In a recent editorial for the 2016 CES issue of i3 magazine, I wrote about the challenges addressing metropolitan and large urban areas, and how technology can provide some much-needed solutions to the biggest problems facing humankind today.

I also talked about the role of sensors in smart cities and provided a high level overview of the new class of processors needed to power these new devices. In the article below I will try to get more specific and explain why I believe our MIPS M-class CPUs provide a superior CPU solution for the requirements of the IoT market.

There are many factors influencing the choice of a particular processor for a semiconductor device. In the case of the IoT segment, those factors include the hardware characteristics (performance, power, and area), the software support, and the feature set – particularly around security.

If you’d like to find out more about the hardware specifications, I would definitely recommend visiting our MIPS Warrior CPUs webpage. It has all the information you need, including a very detailed analysis of performance, power and area at specific process nodes. Needless to say, our CPUs are highly competitive, delivering faster performance and better power efficiency.

However, picking a CPU for IoT is not all about choosing the best hardware design. Here are five unique ways in which M-class processors stand out from the crowd:

Hardware virtualization support

The M51xx family (the M5150 and M5100 CPUs) implements Release 5 of the MIPS architecture which introduces full hardware virtualization support, among several other new features. M51xx M-class CPUs are the only microcontroller-class processors to deliver full hardware virtualization, supporting up to seven guest VMs (virtual machines) per CPU.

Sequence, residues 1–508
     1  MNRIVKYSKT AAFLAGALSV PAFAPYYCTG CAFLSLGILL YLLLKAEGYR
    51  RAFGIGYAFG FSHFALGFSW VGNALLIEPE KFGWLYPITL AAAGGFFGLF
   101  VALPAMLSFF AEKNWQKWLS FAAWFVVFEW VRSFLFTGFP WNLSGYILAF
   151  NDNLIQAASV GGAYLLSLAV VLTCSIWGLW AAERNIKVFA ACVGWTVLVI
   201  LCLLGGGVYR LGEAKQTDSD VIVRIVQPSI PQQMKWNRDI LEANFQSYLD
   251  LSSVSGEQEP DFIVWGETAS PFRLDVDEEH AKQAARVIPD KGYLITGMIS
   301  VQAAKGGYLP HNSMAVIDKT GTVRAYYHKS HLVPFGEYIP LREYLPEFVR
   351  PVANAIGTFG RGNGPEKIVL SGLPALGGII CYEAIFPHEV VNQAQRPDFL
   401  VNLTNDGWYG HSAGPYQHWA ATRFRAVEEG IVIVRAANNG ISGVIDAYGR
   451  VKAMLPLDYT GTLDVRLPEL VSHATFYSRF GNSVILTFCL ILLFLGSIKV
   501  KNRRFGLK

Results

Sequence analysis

Hardware virtualization support opens up a number of unique use cases for MCUs and enables new and exciting functionality for IoT devices.

OmniShield - security for all devices__f

For example, a MIPS-based chip can implement multiple isolated containers, each running its own operating system or application securely and reliably. In the case of connected home applications, this means separating firmware updates from the code that runs your smart lighting or heating systems. Since the two are kept separate, if the firmware update becomes corrupted at any stage, it won’t break the functionality of your smart device.

A cleaner, more elegant architecture

The MIPS architecture features several distinct strengths that play into IoT use cases.

For example, MIPS CPUs expose 32 general-purpose registers to programmers (double the number available in competing CPUs). In addition, the MIPS architecture specifies additional shadow registers that enable faster context switching when servicing interrupts, leading to faster overall performance in real-time scenarios.

For IoT systems where reducing costs is a top priority, MIPS M-class CPUs also support microMIPS – a set of instructions designed to reduce memory requirements in semiconductor devices. microMIPS includes more efficient memory addressing and achieves more compact code size, helping system designers to cut back on memory specifications and therefore reduce manufacturing costs.

These features also prove really useful for implementing the cryptographic processing in home automation systems. One example is OberonHAP – a fast, tiny and trustworthy implementation of Apple’s HomeKit Accessory Protocol (HAP). OberonHAP has been developed, and is continuously being further improved, by a seasoned Swiss engineering team. In a benchmark available from the company’s website, the MIPS M-class CPU is 20-25% faster per MHz than its closest competitor for a typical HomeKit session.

Cortex-M vs microAptiv for HomeKit IoT

A fully-featured MMU and cache memories